Keeping current with the latest trends and best practices is no easy task and many IT and telecom managers don’t have the time to review the latest and greatest support tools, best practice techniques, and industry evolutions. As someone who is actively involved in the space, from conferences, speaking engagements and industry association participation, it’s my pleasure to share with you some emerging trends of which you should consider. This “top 10” list includes a broad mix of both existing and more forward thinking scenarios.

The volume of information is too great to share in just one post, so we will address the first half of this two-part series today with the second portion to be shared later next week. The list includes a broad mix of both existing and more forward thinking scenarios.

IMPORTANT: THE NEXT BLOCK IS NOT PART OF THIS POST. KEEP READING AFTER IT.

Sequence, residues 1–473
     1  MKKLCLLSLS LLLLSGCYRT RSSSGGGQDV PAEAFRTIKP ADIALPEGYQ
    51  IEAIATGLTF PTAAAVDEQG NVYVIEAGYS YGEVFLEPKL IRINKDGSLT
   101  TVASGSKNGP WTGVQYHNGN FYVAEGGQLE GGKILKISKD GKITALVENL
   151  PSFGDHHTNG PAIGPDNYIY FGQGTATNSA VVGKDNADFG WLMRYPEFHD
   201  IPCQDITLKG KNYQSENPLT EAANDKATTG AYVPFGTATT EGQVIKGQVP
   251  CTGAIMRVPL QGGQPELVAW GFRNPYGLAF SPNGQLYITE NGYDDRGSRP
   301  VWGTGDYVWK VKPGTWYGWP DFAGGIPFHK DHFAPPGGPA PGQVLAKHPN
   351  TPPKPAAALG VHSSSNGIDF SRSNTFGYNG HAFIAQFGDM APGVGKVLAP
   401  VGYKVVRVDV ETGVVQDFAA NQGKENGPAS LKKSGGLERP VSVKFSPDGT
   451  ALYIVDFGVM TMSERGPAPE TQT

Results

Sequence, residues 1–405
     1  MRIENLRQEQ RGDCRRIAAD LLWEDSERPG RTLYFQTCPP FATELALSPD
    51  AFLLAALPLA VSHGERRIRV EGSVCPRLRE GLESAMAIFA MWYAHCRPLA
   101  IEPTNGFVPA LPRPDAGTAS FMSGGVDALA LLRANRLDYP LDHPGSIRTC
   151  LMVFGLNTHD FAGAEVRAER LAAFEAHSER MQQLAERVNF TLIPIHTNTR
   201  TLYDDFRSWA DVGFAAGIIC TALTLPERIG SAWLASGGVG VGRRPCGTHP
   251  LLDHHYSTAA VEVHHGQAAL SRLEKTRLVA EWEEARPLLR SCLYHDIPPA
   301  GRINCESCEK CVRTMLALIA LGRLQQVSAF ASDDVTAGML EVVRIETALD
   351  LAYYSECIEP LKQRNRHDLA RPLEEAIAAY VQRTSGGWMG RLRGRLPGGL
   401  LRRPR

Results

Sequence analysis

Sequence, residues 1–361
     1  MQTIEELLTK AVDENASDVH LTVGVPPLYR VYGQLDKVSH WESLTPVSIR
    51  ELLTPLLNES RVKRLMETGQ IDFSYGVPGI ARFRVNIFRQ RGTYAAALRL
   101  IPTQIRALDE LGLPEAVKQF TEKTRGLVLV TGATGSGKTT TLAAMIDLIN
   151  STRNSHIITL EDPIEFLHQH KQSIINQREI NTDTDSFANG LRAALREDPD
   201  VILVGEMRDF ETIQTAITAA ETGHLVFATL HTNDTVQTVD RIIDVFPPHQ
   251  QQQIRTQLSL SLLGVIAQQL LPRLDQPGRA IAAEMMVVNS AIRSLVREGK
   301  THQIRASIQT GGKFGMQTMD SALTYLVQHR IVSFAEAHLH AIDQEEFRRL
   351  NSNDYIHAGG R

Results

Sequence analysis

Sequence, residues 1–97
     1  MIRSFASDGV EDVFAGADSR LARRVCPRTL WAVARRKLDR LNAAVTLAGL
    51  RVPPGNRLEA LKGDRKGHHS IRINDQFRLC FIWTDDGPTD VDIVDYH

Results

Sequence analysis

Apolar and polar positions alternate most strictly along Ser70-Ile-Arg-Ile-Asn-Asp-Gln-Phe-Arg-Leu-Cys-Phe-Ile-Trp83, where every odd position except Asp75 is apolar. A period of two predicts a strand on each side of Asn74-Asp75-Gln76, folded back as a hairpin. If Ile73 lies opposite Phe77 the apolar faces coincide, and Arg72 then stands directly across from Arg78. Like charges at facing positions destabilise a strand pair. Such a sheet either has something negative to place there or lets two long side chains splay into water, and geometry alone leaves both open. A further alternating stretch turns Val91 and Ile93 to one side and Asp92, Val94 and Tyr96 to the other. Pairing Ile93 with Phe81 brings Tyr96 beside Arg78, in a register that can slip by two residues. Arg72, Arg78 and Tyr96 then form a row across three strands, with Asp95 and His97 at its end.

1. Voice has become the least popular form of enterprise communications
  • The world of communications has been continually changing ever since Alexander Graham Bell made his first voice call on March 10th, 1876.
  • The following table summarizes the top five UCC applications deployed in the cloud*. Another dimension to these statistics is that the remote workforce experienced a 102.1% growth rate from 2005 through 2014**. Lower cost and ease of use have virtually eliminated barriers of remote collaboration by even the smallest of teams and obviated reasons to relocate or travel for work. The ever-growing suite of always-on business applications that integrate the full spectrum of communication and collaboration technologies to support a specific business requirement are eliminating the distinctions between remote workers and the in-office experience.
Communication Method Statistic
Email *** ~ 188 billion per day
Instant Messaging **** ~ 4.1 billion per day